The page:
Like so many of their previous efforts, the movie has a vague detective narrative and a film noir structure in which colorful characters drift in and out of the frame until the protagonist can untangle which tangents are actually connected to the central mystery. However, the mystery here doesn’t really amount to much. Perhaps that’s the point.

Despite being set at the same fictional studio, ‘Hail, Caesar!’ isn’t a satire of studio politics or a pained ode to artistic struggle like ‘Barton Fink’ was. It’s not even much of a mystery despite being driven by one. Ultimately, the movie is about nothing. Sure, it has subplots connected to faith, religion and life’s purpose, but no answers. That’s something the Coens have toyed with before in ‘A Serious Man’ and ‘Inside Llewyn Davis’. They’re pretty committed to exploring the meaninglessness of life, much to the frustration of viewers searching for meaning.

If there is a purpose to assembling all these famous faces, colorful characters, and larger-than-life settings, perhaps it’s the Coen’s love letter to movies. They present Hollywood as a big messy collection of stars and egos and fights and secrets and money that’s difficult to navigate and filled with problems, but ultimately worth the effort due to the sheer joy of making pictures. Certainly, all of the semi-parodies of ’50s filmmaking styles that the Coens employ (complete with shifting aspect ratios) are created with care to show off the artistry and craftsmanship of studio filmmaking. It’s a subject they know all too well. Now three decades into their eccentric careers, the Coens clearly love it enough to never stop.

That’s all inside baseball, for sure. Despite being a studio product filled with famous faces, gorgeous production values and a massive marketing push, ‘Hail, Caesar!’ will probably not be a crossover hit. It’s just too weird and episodic for that. However, for fans of the Coens and old Hollywood, there’s so much to enjoy. The musical numbers are beautifully crafted with a tinge of gentle parody. Every famous face on screen gets some wonderfully bizarre dialogue to spit out and a lovable idiot to play. (As usual in Coenville, George Clooney is the biggest dumbbell and he delights in portraying that thickness.) The period setting is meticulously crafted to cartoonish excess. Genius cinematographer Roger Deakins doesn’t let a frame go by without some moment of visual splendor. The dialogue cackles with quotable exchanges.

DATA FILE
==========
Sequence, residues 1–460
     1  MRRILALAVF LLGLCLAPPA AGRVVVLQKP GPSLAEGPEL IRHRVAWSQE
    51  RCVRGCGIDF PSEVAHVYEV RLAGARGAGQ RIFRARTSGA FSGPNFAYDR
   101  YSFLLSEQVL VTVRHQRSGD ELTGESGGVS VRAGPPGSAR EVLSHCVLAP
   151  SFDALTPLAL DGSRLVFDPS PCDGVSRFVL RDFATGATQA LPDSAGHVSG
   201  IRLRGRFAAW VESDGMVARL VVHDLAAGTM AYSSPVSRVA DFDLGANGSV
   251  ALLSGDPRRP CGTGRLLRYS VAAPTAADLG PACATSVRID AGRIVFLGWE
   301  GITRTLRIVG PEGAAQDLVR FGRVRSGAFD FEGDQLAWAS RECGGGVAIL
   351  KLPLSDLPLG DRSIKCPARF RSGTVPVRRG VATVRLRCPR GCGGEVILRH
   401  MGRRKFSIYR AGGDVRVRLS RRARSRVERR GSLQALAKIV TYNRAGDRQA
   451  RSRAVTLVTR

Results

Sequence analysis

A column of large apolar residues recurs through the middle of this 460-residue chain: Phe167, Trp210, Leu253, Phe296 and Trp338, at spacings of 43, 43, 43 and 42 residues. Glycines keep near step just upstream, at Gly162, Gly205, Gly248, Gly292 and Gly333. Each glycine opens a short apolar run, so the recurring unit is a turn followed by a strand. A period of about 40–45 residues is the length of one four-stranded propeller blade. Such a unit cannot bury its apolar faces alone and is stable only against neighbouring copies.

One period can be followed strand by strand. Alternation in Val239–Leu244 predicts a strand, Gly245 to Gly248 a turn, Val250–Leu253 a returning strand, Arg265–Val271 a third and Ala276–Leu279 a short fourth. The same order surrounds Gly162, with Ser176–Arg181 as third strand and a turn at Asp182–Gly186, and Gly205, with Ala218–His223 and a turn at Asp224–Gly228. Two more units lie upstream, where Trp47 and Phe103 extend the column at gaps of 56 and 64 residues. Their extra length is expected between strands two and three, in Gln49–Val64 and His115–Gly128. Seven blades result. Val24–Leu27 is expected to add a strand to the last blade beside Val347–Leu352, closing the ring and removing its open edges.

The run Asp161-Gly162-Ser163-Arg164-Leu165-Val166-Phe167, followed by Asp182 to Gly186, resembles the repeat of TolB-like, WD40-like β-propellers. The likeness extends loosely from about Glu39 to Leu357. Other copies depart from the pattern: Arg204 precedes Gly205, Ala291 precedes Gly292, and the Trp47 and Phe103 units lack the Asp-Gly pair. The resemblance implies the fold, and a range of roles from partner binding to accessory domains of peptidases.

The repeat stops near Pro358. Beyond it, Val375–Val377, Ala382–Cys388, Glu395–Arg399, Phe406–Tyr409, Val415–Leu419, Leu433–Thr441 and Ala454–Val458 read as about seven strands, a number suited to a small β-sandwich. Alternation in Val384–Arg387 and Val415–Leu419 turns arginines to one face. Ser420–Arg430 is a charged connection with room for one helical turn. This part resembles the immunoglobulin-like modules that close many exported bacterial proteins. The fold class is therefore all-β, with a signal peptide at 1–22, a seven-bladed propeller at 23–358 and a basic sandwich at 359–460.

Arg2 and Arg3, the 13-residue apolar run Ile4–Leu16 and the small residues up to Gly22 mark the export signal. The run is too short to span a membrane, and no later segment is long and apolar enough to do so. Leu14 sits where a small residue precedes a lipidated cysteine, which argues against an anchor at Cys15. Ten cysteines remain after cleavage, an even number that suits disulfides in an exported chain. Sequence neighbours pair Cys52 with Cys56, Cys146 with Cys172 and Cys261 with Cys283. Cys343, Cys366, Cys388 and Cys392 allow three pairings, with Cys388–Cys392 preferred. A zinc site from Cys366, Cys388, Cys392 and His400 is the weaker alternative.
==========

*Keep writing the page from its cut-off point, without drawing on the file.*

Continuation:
‘Hail, Caesar!’ is sumptuous filmmaking about filmmaking. Even if it doesn’t amount to much more than a lark, a lark by folks as talented as Joel and Ethan Coen still offers more cinematic pleasure than a sincere effort by most directors. It’s amazing that they got a major studio to fund their multimillion dollar in-joke to play around with their friends. That’s just what happens when you’re the best filmmakers of your generation, I suppose. Their next movie will likely offer most satisfying artistic ambition. For now, Coen fans can simply enjoy the froth.

Leave a Reply

Your email address will not be published. Required fields are marked *